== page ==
Bitter Sweet | Theater Critic's Choice | Chicago Reader

Bitter Sweet 

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In 1929, already celebrated for his satirical revues and smart plays, Noel Coward offered his first operetta to London audiences. It was a resounding hit. Neither cynical nor particularly witty, Bitter Sweet harks back to the gentler, more decorous days of Strauss's Vienna, to the irony-ridden, sophisticated milieu of Die Fledermaus. Its story line is uncharacteristically conventional and sentimental for the author of Design for Living: a proper upper-crust English maiden (circa 1875) escapes an arranged marriage by running off with her music teacher to Vienna, then loses him in a duel with a wicked colonel. Yet Coward cleverly cast the old-fashioned tale in flashbacks, reminiscences by the Marchioness of Shayne to her niece, who's facing a similar predicament. The framing device is echoed in the music too, with a jazz-dance scene signifying the present and waltz music accompanying scenes from the past. In fact, the show's bewitching and varied melodies are the best reason to revive it: no connoisseurs of British musical theater have ever disputed the charms of ditties like "The Call of Life" "I'll See You Again" "If Love Were All," or "Zigeuner." This rare Chicago-area revival by Light Opera Works under the supervision of veteran director Philip Kraus promises to accentuate the archaic classic's Cowardian tunefulness and sardonic observation. The able cast includes Susan Lane Stokes and Norman Engstrom. Timothy Shaindlin conducts. At Northwestern University, June 28 through 30 (Cahn Auditorium, 600 Emerson, Evanston, 708-869-6300). Friday and Saturday, 8 PM; Sunday, 2 PM. $14-$33.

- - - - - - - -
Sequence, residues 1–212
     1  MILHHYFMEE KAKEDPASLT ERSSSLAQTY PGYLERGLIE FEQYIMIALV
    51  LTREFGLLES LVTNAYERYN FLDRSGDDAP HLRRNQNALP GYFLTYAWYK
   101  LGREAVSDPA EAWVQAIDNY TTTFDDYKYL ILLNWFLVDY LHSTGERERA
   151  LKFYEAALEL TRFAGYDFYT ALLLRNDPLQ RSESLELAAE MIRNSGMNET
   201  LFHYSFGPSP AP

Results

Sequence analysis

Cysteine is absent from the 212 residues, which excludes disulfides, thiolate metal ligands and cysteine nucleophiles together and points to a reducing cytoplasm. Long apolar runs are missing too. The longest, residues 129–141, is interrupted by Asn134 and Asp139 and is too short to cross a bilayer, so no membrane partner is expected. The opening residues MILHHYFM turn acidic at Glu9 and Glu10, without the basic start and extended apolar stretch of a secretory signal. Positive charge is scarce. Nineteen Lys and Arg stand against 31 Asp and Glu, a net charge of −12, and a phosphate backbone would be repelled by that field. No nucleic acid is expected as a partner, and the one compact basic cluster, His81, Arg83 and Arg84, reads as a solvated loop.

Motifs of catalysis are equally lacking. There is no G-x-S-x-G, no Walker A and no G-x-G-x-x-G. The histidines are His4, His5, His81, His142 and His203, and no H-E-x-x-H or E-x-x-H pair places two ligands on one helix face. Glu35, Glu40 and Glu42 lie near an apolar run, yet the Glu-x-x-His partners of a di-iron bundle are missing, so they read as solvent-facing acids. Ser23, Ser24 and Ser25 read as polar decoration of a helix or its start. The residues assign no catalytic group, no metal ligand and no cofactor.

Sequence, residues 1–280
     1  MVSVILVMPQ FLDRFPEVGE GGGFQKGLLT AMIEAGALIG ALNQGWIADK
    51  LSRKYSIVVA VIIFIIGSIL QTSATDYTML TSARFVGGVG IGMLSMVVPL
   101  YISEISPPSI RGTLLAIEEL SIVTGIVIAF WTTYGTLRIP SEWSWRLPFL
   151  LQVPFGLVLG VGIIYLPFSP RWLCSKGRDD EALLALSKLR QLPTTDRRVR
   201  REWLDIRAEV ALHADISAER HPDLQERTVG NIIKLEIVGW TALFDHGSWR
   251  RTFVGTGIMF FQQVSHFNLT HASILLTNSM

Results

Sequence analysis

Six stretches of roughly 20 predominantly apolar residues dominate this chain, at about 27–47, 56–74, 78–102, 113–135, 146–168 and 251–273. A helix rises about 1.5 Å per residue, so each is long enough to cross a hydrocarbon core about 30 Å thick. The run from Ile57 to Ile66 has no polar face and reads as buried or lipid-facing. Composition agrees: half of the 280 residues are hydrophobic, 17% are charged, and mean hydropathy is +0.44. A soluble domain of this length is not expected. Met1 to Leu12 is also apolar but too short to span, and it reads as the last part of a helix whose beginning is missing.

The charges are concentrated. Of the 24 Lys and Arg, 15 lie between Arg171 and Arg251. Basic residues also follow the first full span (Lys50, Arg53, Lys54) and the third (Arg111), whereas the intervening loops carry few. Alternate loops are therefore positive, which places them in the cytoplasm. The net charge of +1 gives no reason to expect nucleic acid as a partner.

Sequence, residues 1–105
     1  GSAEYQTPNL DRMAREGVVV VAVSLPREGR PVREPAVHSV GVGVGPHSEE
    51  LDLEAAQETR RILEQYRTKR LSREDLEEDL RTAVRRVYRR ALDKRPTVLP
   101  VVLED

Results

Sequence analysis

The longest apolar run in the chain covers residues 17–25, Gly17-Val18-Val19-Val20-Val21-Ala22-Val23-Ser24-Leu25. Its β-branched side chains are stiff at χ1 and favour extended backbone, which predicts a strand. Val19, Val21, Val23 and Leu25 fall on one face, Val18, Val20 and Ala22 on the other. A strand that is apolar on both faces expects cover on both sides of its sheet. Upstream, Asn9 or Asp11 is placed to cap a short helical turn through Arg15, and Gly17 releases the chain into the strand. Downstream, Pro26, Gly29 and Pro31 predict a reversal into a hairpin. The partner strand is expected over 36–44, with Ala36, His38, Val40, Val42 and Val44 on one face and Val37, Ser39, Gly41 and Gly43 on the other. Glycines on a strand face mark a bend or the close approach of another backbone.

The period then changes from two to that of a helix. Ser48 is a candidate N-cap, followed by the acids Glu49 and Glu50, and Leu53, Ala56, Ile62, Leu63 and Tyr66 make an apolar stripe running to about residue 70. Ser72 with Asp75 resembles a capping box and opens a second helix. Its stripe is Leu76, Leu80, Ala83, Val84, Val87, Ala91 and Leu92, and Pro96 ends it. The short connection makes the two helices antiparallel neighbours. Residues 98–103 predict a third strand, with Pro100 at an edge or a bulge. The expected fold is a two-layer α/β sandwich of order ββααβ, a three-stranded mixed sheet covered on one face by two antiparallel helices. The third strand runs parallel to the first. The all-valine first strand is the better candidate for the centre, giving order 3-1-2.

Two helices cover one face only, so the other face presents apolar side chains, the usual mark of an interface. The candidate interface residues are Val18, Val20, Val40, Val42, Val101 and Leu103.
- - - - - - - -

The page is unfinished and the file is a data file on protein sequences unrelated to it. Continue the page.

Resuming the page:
Art accompanying story in printed newspaper (not available in this archive): photo/J.B. Spector.

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